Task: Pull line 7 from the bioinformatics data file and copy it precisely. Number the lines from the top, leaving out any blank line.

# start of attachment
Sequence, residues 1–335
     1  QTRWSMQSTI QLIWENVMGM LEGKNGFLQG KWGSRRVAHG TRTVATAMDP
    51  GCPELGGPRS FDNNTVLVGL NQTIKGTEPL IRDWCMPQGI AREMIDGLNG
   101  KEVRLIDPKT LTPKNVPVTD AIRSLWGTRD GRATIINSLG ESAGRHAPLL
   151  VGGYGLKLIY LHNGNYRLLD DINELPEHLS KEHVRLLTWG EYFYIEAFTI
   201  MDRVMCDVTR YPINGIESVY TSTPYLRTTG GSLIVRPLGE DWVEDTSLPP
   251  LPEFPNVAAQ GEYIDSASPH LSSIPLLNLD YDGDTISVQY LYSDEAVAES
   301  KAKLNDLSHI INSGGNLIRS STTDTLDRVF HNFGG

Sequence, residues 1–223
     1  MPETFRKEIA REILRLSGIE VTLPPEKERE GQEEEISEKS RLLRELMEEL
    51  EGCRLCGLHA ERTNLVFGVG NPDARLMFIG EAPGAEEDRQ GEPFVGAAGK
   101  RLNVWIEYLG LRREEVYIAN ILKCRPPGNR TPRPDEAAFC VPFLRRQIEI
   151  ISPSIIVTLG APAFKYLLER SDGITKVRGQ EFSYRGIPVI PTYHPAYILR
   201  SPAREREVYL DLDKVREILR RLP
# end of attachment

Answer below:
   251  LPEFPNVAAQ GEYIDSASPH LSSIPLLNLD YDGDTISVQY LYSDEAVAES